Ok. Hopefully now I’ve sufficiently convinced you of why grinding your teeth is bad and also why baby teeth are so important. Next step, I’m sure you might be curious how and why sleep disordered breathing causes pediatric bruxism.
I had a broader discussion of sleep disordered breathing in this blog here, if you want to read more about it (that blog also includes a custom infographic that I randomly decided to include a cartoon version of myself in for no other reason than I thought it looked cool ;) worth checking out, in my biased opinion).
But if you don’t want to go down that rabbit’s hole, here’s the reader’s digest version:
A newer research initiative over the last decade has focused on finding the root cause of so many of the common conditions and chronic symptoms with which our children are plagued and in some cases, diagnosed; these conditions and symptoms include chronic allergies, attention-deficit conditions, headaches, poor behavior or school performance, prolonged bedwetting, snoring, mouth breathing, eczema, restless sleep, nightmares and night terrors, aggressive behavior, depression, daytime drowsiness, swollen tonsils, and asthma.
What this new wave of research has shown is that most of these symptoms are caused by unhealthy sleep or bad habits that cause breathing disorders, which are exacerbated at night. But for decades, instead of the root cause being identified and properly treated, we’ve medicated our children. We’ve put band-aids on chronic symptoms, basically subscribing these kids to a lesser quality of life. I’m not trying to be dramatic, but taking a medication every day that can help symptoms of a chronic condition but also possibly introduce side effects while never actually addressing the root cause is major compromise in the quality of a lifetime.
More specifically, sleep disordered breathing is caused by an airway that is obstructed, jaws that are too small or misaligned, and/or poor oral habits or chronic inflammation causing mouth breathing. Proper sleep is hugely important for a host of different reasons, most notably overall cellular rejuvenation, endocrine and immune system regulation, and neural function. However, when the child is not breathing correctly while asleep, the body is very smart and will try to move the lower jaw around and forward to expand the airway that sits behind the mandible. And it is this lower jaw moving around and forward, searching for a healthier position, that presents itself as grinding. The teeth are just collateral damage to a very smart, intuitive body desperately working to get the airflow it needs in the way it needs it.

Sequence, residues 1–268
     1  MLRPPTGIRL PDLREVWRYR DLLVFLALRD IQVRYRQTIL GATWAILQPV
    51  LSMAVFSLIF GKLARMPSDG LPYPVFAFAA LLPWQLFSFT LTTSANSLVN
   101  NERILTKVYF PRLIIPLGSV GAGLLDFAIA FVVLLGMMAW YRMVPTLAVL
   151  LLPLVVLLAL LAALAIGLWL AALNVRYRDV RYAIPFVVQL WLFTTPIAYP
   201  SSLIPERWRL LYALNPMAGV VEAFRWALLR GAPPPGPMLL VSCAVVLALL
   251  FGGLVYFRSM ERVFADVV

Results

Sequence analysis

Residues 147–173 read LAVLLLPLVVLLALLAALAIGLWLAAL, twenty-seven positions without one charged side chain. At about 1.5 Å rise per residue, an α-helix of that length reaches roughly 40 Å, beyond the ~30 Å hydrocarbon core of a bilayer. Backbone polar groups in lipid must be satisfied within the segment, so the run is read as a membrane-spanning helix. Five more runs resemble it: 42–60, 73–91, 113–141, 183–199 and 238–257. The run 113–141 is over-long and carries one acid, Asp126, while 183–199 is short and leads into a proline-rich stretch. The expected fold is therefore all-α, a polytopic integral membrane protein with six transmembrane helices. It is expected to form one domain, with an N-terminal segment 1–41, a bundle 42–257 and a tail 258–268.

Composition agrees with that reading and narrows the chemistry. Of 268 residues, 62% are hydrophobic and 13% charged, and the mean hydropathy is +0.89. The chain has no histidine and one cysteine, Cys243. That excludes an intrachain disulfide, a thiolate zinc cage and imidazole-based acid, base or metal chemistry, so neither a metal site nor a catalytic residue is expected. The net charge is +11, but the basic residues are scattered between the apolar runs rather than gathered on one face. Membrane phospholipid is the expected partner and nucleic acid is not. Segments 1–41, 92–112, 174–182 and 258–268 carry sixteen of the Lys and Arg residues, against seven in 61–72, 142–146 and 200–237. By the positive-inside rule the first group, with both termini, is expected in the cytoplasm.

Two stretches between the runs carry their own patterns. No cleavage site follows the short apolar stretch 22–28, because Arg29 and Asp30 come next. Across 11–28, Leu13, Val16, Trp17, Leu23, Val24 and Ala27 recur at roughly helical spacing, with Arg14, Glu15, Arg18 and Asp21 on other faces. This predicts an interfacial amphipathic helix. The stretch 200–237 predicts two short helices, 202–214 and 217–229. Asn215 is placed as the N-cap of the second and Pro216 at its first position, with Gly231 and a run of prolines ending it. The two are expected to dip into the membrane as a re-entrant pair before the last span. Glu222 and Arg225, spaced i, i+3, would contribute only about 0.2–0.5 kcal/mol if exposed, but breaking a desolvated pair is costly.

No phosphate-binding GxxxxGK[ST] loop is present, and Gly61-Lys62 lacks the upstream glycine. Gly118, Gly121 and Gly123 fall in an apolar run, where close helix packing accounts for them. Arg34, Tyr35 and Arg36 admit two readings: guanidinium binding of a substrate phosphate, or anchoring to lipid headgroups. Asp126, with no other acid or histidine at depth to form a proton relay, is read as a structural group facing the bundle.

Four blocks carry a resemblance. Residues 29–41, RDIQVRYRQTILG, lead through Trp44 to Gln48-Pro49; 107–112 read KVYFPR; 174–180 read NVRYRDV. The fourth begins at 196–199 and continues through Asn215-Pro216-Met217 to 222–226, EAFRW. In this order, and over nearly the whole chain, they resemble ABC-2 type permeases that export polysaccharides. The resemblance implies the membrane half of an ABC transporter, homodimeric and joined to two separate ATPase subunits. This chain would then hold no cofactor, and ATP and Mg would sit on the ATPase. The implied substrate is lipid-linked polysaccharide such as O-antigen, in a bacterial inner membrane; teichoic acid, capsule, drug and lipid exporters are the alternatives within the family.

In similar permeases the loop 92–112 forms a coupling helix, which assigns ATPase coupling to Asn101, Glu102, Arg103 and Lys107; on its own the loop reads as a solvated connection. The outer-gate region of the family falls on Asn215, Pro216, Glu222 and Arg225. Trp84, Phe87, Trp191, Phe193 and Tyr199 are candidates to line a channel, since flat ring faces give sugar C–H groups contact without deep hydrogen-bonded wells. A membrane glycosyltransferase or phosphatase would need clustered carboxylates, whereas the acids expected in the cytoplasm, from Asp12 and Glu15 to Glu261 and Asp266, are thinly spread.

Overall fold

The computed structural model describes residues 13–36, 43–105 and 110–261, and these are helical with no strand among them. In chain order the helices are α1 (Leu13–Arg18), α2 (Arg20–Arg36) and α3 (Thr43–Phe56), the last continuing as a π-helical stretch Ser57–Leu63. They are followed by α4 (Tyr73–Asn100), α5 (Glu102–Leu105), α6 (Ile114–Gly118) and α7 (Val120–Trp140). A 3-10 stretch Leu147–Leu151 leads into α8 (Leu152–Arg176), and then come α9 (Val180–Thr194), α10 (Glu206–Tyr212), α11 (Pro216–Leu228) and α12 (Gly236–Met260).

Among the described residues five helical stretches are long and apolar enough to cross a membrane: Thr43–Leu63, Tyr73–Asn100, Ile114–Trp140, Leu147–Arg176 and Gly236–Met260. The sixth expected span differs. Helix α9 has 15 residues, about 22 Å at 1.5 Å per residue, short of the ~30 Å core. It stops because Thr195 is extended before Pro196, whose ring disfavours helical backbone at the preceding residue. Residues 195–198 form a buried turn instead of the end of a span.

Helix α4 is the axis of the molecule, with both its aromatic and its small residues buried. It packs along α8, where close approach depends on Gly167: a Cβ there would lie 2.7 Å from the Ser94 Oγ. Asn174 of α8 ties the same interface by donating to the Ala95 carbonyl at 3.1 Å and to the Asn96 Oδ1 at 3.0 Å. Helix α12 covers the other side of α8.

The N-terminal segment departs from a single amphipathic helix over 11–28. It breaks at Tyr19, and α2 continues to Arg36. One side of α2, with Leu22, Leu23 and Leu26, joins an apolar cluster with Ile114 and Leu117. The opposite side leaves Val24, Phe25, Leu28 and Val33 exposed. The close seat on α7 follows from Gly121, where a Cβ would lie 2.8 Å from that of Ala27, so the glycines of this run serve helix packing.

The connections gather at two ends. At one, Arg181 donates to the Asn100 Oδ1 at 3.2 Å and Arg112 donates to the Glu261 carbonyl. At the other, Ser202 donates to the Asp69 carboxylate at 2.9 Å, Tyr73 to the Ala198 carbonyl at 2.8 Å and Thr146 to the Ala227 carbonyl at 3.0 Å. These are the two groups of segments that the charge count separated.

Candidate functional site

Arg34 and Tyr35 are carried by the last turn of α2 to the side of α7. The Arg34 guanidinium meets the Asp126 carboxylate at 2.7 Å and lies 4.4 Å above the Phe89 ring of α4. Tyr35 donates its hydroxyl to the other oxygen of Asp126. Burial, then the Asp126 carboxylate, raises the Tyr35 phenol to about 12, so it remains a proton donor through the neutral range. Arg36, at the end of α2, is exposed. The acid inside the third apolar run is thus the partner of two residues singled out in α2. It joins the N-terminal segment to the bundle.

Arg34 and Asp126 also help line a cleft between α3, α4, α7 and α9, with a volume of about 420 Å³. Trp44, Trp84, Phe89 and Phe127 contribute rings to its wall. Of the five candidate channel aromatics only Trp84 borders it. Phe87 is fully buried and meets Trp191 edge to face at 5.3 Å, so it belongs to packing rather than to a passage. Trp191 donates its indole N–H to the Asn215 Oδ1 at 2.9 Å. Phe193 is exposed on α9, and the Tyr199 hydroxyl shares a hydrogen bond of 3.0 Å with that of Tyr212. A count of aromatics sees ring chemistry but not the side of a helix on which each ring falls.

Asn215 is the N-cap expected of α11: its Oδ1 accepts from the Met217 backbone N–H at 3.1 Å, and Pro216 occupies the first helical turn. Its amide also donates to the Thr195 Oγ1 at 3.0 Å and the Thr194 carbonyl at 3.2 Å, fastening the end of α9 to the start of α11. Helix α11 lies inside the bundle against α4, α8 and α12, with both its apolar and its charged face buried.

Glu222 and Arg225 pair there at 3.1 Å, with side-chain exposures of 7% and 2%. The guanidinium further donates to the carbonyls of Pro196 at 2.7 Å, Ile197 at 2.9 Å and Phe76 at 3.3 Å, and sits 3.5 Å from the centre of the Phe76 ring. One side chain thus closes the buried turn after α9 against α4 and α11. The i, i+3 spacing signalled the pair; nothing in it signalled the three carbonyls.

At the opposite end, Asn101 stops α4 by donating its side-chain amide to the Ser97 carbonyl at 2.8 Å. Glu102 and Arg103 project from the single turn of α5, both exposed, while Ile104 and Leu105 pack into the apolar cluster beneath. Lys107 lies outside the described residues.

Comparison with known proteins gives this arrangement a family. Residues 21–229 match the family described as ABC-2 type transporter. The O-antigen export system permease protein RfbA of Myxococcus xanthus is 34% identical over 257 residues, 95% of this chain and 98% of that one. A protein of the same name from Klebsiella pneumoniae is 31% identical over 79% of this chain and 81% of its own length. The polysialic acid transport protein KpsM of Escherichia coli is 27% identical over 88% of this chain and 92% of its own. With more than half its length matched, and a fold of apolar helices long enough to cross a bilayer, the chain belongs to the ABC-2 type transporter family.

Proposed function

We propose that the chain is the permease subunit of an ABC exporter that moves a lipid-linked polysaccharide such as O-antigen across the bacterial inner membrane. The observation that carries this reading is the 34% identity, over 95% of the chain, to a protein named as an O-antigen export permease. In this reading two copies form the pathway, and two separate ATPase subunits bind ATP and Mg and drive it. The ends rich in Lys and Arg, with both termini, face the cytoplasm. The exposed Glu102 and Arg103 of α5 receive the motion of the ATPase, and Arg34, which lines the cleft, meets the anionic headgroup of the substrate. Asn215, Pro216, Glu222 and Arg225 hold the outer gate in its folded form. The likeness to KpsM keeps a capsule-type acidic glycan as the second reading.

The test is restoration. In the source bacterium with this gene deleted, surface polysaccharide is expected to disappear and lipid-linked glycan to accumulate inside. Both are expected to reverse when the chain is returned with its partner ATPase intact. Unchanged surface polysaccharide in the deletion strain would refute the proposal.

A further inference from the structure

Below is a CBCT to help explain what is going on. In the left image, this adolescent has her mouth open, which causes the mandible (or lower jaw) to move down and back, restricting the airway. In the image on the right, the patient has closed her jaws in the proper position, allowing for a larger volume in the airway. We use this as an example, however you can imagine that when a child has an underdeveloped mandible, which can commonly be referred to as a major overbite or overjet, this airway is restricted, and so the lower jaw will move throughout the night trying to open up the airway and get the flow the body and brain need.
Ok. By now, I hope we are on the same page on the following points:
Baby teeth are important.
Teeth grinding may be normal, but it is not healthy.
The root cause needs to be treated because otherwise, a child will not “grow out of” this symptom but instead, it will get worse.The root cause of teeth grinding is almost always sleep-disordered breathing.
If we aren’t on the same page on these items, please leave a comment below or chat me up in the box in the bottom righthand corner of your screen and let me know what questions you have. Because I’m sure if you have a question or don’t fully understand a concept I’m trying to explain here, I’m confident there are other concerned parents out there who are still confused or unsure as to what’s going on. I’d love the opportunity to help address those questions, allowing me to help more parents and ultimately their kiddos in achieving new levels of health and wellness.
Assuming we are on the same page because I'm awesome and obviously would never leave anything out (this is me being sarcastic, btw; I do my best to explain, but I know there's always more I can do, so just let me know what's missing), that takes us to the last segment of this lovely little blog…